I mentioned in the title that the film’s message is important, and more than that, it’s both timely and timeless. At about the 11-minute mark, Morayo, in her voiceover, says: “Every individual has the opportunity to be a masterpiece. A baby is born with a clean white canvas full of unlimited opportunities. But an adult has a paintbox of experiences, of many colours that change their picture over time. Depending on the brushes used during their life painting, some are left with a beautiful work of art, whilst others are grotesque, tainted.” Now, if this had been a short film, and it had ended with the main character saying the above in a monologue or voiceover, it just might have worked, but as it stands, there are still eighty minutes of movie left to go and we have just been told the core thesis of the film by the protagonist. What else is there to say? Plenty, it turns out.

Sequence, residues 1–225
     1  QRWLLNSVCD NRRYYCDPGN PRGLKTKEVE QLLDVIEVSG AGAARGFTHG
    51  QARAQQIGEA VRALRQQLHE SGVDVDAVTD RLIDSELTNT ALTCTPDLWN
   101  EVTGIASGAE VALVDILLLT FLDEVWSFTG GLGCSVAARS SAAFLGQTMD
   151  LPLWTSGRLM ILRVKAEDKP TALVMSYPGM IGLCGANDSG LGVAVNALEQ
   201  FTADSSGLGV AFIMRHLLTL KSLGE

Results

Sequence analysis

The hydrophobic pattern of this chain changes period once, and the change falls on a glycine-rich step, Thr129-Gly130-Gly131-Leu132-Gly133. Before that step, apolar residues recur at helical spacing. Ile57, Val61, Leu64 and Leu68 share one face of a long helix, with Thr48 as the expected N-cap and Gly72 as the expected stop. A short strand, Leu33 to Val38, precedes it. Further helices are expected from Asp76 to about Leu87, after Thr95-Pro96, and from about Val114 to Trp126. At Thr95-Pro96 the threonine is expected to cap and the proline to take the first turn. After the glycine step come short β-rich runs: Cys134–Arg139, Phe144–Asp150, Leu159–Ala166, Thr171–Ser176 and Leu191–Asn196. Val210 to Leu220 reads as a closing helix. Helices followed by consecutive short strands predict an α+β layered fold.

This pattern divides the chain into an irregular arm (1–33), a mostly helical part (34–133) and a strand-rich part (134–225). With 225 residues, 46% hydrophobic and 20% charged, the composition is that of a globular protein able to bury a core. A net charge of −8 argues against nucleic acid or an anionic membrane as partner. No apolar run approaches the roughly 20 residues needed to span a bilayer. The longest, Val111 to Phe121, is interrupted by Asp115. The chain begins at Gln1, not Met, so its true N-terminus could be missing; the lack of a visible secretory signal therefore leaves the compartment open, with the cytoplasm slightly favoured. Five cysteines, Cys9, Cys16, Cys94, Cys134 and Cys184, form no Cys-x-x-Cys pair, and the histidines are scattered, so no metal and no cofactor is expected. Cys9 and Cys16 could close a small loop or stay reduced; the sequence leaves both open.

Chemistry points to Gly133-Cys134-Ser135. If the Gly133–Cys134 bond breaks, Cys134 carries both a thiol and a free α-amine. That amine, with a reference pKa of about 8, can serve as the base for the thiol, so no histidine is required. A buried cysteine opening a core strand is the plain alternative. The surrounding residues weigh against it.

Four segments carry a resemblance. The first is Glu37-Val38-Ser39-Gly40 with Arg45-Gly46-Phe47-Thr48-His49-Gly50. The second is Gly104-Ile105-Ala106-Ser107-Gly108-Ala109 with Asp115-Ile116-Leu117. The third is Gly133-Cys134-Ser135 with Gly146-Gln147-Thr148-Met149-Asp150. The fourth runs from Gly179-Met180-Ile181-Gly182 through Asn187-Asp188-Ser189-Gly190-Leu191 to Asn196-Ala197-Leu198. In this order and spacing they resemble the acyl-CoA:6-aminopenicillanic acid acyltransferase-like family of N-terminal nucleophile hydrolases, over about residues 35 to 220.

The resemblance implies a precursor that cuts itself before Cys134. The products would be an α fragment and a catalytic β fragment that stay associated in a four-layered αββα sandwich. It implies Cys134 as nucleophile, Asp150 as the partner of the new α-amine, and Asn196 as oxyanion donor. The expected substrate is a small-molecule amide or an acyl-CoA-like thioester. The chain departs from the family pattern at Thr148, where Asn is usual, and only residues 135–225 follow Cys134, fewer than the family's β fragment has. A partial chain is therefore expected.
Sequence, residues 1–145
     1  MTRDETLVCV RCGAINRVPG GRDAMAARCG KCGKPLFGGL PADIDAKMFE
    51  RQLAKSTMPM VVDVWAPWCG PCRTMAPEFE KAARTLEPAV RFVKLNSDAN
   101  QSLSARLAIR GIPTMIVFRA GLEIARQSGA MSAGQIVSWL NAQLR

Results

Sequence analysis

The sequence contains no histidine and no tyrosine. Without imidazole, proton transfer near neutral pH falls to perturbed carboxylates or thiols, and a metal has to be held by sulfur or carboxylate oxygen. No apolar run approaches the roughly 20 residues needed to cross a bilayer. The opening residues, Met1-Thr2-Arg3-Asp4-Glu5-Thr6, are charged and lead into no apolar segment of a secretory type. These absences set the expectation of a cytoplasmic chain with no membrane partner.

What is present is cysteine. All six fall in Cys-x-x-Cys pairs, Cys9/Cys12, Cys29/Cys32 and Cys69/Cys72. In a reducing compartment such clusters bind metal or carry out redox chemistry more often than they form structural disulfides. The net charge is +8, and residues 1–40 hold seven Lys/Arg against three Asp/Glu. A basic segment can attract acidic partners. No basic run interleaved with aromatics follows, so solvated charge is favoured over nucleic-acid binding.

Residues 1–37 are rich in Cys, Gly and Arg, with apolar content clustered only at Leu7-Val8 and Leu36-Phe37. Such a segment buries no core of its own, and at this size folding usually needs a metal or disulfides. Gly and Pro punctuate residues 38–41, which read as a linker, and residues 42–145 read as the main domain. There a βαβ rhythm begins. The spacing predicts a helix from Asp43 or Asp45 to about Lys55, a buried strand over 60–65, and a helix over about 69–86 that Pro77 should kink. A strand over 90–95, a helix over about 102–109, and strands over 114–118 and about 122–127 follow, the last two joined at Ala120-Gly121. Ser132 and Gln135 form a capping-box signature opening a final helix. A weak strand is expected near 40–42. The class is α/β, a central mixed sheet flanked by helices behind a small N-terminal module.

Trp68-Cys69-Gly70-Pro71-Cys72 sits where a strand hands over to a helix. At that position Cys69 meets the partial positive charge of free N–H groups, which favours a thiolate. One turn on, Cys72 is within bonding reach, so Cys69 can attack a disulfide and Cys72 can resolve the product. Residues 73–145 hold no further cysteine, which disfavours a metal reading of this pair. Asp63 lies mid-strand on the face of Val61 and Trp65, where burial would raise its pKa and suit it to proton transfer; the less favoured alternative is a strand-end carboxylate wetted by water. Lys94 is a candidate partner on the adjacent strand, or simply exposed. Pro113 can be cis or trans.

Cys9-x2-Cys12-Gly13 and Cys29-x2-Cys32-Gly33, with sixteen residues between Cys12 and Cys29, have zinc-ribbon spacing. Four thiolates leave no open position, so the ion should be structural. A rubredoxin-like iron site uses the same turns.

We learn that the reason Morayo is eating sand at the beginning is because of her teacher, who regularly molests her and abuses her physically and mentally by locking her in a box in class. Pleas to her mother to put an end to this fall on deaf ears, as she dismisses Morayo’s claims as lies. We also learn that the reason Rose, Morayo’s mother, acts erratic most of the time is because she is suffering from clinical depression and is on antidepressants. In one particularly heinous sequence, Rose discovers that her medication has finished. Unable to afford the prescriptions, she tricks Morayo into getting molested by a cloth trader in the market. She sits in the shop while the man, presumably in his 30’s, has his way with her daughter, all so she can get some money for her antidepressants. At least that’s what the film tells us. We also later learn that Rose never wanted a child, and even suffered postpartum depression when Morayo was born. In a scene so hamfisted, it qualifies as failed Oscar-bait, Rose, recovering from chemotherapy in a hospital bed, tells her daughter: “I never wanted you…I still don’t want you.”